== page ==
For a lot of us, participating in the Occupy movement makes good sense. We have looked at the numbers, crunched our budgets, and deliberated over the results. The economy doesn’t work. The political system is fundamentally flawed. We need change. But what seems rational and logical to some might not appear so to others. Those of us involved need to acknowledge that a large part of Occupy’s success, on the global as well as local level, comes from emotional appeals and responses. While two of the most common emotions found at the occupation sites, at the rallies, and in online discussions have been anger and fear, in order to be successful the movement will need to move beyond these. Anger and fear are certainly necessary emotions for driving political disobedience, but a successful movement, no matter its local iteration, will also create the space for joy, spontaneity, and serendipity.
I was reminded of this in Washington DC in the days after the release of the Occupy DC Declaration. I came to McPherson Square to see what I could do, and joined a march addressing the $5,000 per plate ($75,000 per PAC) Democratic Congressional Campaign Committee fundraiser. The march set off down 15th Street, where members of Congress were due to emerge at any moment after the auction of their offices. This was a standard march, with nothing too out of the ordinary from either the marchers or the police, who used twelve or so squad cars to close off two city blocks around the march, then paced menacingly around the perimeter of the protest. Some of the police seemed refreshingly open to a little back-and-forth with the Occupiers, who were in high spirits on this crisp evening. The lieutenants and bosses only scowled. Protesters chanted and cheered. A woman sang a song. Someone inside an office building held out a sign that read, “Housing is a Human Right!” More people cheered.
Things got interesting when it was discovered that at least some of the congresspeople had fled the building through subterranean (or at least sub rosa) channels. This new intelligence pointed down the street to the W Hotel as the gathering place of power. After a brief discussion of whether to split the protest we decided to stick together and (literally) dance our way down to the W. The crowd grew once there, prompting people on the street to stop and take pictures. The Occupiers sat down and linked arms across the two pedestrian exits of the Hotel, forming a chain against the retreat of the congresspeople and their fundraising friends.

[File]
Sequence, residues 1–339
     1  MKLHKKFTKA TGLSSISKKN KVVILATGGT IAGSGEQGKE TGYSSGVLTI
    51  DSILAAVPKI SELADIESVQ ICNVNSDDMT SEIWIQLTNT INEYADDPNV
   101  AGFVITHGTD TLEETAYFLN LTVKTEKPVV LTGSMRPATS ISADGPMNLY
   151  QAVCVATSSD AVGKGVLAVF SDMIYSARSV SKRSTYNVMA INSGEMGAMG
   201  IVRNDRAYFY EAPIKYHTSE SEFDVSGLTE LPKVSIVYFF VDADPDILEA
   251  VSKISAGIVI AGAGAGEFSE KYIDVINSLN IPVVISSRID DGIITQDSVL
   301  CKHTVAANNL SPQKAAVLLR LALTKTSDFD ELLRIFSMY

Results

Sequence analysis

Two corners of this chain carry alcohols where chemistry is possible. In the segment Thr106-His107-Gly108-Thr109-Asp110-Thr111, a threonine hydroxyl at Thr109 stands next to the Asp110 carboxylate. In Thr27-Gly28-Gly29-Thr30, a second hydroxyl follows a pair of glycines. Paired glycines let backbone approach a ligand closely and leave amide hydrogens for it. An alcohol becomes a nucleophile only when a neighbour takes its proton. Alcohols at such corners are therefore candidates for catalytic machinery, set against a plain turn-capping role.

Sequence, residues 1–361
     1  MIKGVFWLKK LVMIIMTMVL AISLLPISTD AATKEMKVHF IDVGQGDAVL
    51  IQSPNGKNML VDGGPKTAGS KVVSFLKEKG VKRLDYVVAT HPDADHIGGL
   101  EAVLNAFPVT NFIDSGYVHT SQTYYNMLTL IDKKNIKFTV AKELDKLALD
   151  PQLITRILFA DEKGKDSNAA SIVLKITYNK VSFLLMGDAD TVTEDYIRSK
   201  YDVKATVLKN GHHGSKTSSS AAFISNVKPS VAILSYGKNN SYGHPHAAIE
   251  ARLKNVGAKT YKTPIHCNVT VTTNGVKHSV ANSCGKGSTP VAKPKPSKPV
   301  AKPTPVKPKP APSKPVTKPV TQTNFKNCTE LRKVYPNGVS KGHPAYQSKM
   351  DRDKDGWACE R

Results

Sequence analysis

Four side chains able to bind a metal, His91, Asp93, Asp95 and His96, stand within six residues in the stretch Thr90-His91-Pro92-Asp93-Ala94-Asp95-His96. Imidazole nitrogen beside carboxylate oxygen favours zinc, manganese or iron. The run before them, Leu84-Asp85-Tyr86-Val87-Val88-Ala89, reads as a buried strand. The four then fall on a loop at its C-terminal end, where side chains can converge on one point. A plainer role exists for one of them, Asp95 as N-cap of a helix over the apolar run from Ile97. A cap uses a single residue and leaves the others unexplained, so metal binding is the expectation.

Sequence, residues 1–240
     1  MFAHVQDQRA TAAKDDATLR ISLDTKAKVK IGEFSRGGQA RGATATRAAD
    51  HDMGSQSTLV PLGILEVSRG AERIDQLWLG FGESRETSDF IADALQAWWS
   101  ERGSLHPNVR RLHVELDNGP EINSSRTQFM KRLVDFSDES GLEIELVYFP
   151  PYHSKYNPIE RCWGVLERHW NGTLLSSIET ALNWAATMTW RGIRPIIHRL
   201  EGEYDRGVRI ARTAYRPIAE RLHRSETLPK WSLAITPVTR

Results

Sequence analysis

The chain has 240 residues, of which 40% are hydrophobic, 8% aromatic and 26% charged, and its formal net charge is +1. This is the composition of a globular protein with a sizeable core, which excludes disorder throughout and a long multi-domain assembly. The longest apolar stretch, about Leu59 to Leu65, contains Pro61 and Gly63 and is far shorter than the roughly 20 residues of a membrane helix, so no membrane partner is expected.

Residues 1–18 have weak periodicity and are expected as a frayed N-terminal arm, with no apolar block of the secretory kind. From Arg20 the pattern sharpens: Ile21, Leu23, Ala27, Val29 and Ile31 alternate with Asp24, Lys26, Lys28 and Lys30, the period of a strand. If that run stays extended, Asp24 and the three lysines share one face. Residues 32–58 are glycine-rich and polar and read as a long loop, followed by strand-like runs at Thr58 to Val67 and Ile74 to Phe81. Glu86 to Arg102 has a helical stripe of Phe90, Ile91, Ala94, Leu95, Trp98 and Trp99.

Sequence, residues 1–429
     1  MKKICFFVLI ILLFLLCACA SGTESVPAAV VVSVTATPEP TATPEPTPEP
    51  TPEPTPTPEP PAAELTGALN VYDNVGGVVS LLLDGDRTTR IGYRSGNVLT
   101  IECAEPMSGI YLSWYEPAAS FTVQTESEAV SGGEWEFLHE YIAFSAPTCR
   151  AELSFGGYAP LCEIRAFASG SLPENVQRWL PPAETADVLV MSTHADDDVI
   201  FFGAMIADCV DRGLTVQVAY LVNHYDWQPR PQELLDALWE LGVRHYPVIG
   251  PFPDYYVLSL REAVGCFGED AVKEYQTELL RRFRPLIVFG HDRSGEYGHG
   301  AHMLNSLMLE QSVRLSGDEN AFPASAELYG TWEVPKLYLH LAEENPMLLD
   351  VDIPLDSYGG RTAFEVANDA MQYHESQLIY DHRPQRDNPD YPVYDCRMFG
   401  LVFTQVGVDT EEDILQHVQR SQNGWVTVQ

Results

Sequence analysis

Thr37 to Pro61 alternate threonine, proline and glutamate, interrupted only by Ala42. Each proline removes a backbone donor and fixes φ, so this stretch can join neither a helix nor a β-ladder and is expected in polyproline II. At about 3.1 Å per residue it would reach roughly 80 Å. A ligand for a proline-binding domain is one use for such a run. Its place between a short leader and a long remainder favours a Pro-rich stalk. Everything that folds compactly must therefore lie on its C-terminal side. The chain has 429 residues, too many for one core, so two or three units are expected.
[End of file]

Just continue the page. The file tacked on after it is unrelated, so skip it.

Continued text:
The waiting began. We sat and stood. We got cold. A bearded young man finally broke this vacuum of inactivity with a suggestion: There were attempts, he said, to get the Occupy DC Declaration read before Congress, and thus read into the official records. While we were waiting on that initiative, why didn’t we let our supposed Democratic party “allies” inside know what was in the Declaration? It was then that the people’s mic reached its promise: as a way not only to amplify the voices of people in the street, but to amplify the emotions and the sense of solidarity that unites a movement as diverse as Occupy.
The call and response, the repetition of the points, the voices in unison; the beauty of the people’s mic animated otherwise boring phrases like, “Private corporations / with the government’s support / use common resources and infrastructure / for short-term personal profit / while stifling efforts / to invest in public goods.” And: “It is absurd that the one percent / has taken forty percent / of the nation’s wealth / through exploiting labor / outsourcing jobs / and manipulating the tax code / to their benefit / through special capital tax rates / and loopholes.” Like a hymn or prayer response in church, like cheering at a football game, shared feeling was created and strengthened through shared utterance. If the Declaration reads as dry and vague, chanting brings it to life as the embodiment of the structure of feeling that underlies our common aggravation and motivation, our shared sense of injustice. Chanting grievances and solutions in a chorus of hoarse voices, watching the eyes of my fellow Occupiers, I was reenergized. I was politicized. I was moved.
I have not been a part of Occupy DC. I was merely stopping over in the city for a conference, one of thousands who occupy our capital every day in a different way. But this is the very serendipity that the movement needs: a random visitor to a city, off the conference leash for a few hours, can happen across a march, can occupy a space for a time, and come away with a new perspective on political participation and a renewed belief in the political consciousness of the American population. Moments like these remind me that while the economic and political system instrumentalizes my every action, devalues my initiatives, and crushes my creativity, it doesn’t mean that I lack value or purpose. That is the necessary first step in changing the political and economic status quo that has driven the country, and the world, to despair and depression. That is the possibility of alternatives.
The Occupy movement is global, surely. As a broad-based movement it has spurred us to think through alternatives to our current order by changing the discourse of our public debates. Local occupations have their own logic, their own grievances, and their own interests in changing communities and maintaining autonomy in the globalized world. But for however local they are, each occupation, each action in the movement, provides the possibility of serendipity, of spontaneous joy. With a little effort everyone can be energized, politicized, moved.